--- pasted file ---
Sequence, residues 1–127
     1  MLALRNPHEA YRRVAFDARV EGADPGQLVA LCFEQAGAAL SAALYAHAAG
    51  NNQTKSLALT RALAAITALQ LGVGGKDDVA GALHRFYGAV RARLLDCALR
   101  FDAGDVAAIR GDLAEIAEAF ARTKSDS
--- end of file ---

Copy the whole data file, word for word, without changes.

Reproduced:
Sequence, residues 1–127
     1  MLALRNPHEA YRRVAFDARV EGADPGQLVA LCFEQAGAAL SAALYAHAAG
    51  NNQTKSLALT RALAAITALQ LGVGGKDDVA GALHRFYGAV RARLLDCALR
   101  FDAGDVAAIR GDLAEIAEAF ARTKSDS